Jul. 7—More improvements for Sedgwick County’s notorious North Junction and three other south-central Kansas road projects were announced Wednesday by Gov. Laura Kelly.
The projects, totaling $129 million in construction costs, will address transportation needs in Sedgwick, Sumner, Harvey and Marion counties, including a historically deadly stretch of U.S. Highway 50 between Burrton and Peabody.
The North Junction exchange ties together four highways: I-135, I-235, K-96 and K-254. It’s a commuter’s nightmare that backs up morning and evening on virtually a daily basis.
Construction is already underway at the site on earlier phases of interchange reconstruction.
The phase Kelly announced Wednesday — known as Gold Plan 2B — will include replacement of the interchange loop from eastbound K-96 to southbound I-135 with a flyover; improvements to the K-96 to northbound I-135 ramp; widening of I-135 south of K-96; and upgrading of 19 bridges in the project area.
That $86 million project is the lion’s share of the local spending and is scheduled for contract letting next year, according to Kelly and the state Department of Transportation.
Funding includes $50 million from the state, $21 million from the federal government and $15 million in local tax monies.
The other projects include:
— Lengthening of three passing zones on U.S. 50. That stretch of road is notorious for high-speed head-on crashes as motorists attempt to pass slow-moving farm trucks and semis that use it as a toll-free bypass around the Kansas Turnpike between Emporia and Wichita.
That project will cost $10 million and consist of three miles of new pavement to extend the existing passing lanes in east and northwest Harvey County and southern Marion County. It’s scheduled for contract letting in 2023.
— Providing full-width paved safety shoulders on K-42 from 71st Street South through southwest Sedgwick County to the K-2 junction in north Sumner County. The 16-mile, $19 million project is scheduled for letting in 2023.
— Adding shoulders on U.S. 160 between I-35 and the town of Oxford, west of Winfield. The 9-mile project is scheduled for letting in 2023.
KDOT could not provide drive-on dates for any of the new projects.
The road improvements are part of the Eisenhower Legacy Transportation Program launched by Kelly and the Kansas Legislature in April of last year.
In a news conference announcing the project attended by numerous local officials and road-improvement fans, Kelly said in the 1950s and ’60s, Kansas spent as much as 30% of its budget on transportation infrastructure, meaning that out of every $10 in state spending, $3 went to transportation.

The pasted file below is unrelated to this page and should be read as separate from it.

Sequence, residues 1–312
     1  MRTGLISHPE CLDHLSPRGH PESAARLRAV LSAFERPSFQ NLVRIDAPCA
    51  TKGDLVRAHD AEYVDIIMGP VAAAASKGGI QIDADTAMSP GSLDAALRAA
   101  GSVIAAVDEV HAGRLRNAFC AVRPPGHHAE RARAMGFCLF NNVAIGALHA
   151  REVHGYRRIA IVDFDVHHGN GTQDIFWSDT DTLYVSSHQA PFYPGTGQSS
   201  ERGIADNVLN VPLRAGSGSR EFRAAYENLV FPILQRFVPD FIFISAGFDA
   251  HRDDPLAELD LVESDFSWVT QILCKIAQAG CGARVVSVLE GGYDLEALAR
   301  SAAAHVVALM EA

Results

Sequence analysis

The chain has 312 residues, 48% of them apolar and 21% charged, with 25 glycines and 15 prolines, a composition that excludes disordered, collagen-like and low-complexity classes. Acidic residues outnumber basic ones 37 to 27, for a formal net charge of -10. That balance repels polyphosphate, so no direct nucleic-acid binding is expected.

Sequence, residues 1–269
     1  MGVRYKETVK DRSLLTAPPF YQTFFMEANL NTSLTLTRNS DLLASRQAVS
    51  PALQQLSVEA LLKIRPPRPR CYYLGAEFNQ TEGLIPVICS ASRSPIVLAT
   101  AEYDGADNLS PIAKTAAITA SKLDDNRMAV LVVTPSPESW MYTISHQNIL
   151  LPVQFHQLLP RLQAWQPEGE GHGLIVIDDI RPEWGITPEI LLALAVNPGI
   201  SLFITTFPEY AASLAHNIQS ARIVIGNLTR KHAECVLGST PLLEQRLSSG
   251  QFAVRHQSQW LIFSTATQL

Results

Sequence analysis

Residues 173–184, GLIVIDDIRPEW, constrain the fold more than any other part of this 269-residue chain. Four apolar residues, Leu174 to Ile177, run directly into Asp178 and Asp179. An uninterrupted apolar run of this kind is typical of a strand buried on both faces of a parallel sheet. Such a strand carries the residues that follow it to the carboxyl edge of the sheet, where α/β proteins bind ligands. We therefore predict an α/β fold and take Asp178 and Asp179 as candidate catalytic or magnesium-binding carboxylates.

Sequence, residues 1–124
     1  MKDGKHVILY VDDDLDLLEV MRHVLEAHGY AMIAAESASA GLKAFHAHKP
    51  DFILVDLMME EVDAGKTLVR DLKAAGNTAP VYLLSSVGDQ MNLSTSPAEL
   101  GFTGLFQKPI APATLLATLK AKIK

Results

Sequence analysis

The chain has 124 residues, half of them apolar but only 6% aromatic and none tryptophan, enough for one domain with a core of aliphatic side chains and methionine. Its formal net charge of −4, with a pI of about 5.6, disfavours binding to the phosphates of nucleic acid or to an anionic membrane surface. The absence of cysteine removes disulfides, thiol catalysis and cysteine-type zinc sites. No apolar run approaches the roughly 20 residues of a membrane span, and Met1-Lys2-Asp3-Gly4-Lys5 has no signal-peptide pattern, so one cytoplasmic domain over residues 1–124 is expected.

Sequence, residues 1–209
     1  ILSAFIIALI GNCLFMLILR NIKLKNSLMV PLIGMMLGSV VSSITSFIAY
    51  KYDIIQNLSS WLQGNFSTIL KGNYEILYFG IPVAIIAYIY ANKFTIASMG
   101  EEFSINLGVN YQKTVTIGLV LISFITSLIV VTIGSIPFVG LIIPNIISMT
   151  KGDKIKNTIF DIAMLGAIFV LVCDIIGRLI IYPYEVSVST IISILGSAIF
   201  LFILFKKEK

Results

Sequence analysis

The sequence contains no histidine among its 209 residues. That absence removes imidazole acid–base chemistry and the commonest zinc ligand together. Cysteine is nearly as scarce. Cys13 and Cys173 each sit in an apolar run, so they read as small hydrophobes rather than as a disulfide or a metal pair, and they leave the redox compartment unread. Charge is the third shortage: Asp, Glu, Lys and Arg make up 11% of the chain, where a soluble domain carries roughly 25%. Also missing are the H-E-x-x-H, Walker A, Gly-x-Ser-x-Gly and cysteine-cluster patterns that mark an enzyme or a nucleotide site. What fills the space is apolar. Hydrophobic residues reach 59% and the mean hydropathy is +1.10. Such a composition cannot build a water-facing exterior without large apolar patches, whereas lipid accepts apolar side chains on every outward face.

“By 2018, we were only spending 70 cents” out of $10, she said. “That is unacceptable.”
She compared highway financing to the Olympic torch relay, where each runner has to complete his or her leg in the allotted time or the whole procession falls apart.
With road improvements, “each generation has to do its part to carry the torch,” she said.
Part of the local urgency of fixing the North Junction is to facilitate truck traffic, including to and from the mammoth order-fulfillment center that online retail titan Amazon is building in Park City, just north of the freeway bottleneck.
“Amazon will be a real beneficiary of the work that we’re doing here,” Kelly said. “Kansas is perfectly positioned to sort of be the distribution center of the country, but distribution requires good, good infrastructure.
“We’re doing it all at once. We’re building the infrastructure and attracting the businesses. Those businesses will then help us pay for maintaining the infrastructure and enhancing it as we go forward.”
State Sen. Carolyn McGinn, R-Sedgwick, said the road hardships people are undergoing now is actually “a result of economic success,” meaning that we have traffic jams because people are trying to get to and from here to do business.
While it may not be any fun to sit in traffic on the loops of the North Junction today, “the end game is going to be great for south-central Kansas,” she said.
Transportation Secretary Julie Lorenz said she’s looking forward to returning to the Wichita area for groundbreakings once the contracts are let. “More importantly I look forward to the ribbon cuttings,” she said.
She said the new work won’t slow down projects already planned under T-WORKS, an earlier state transportation program that has seen delays as the Legislature shifted money to close budget gaps in recent years.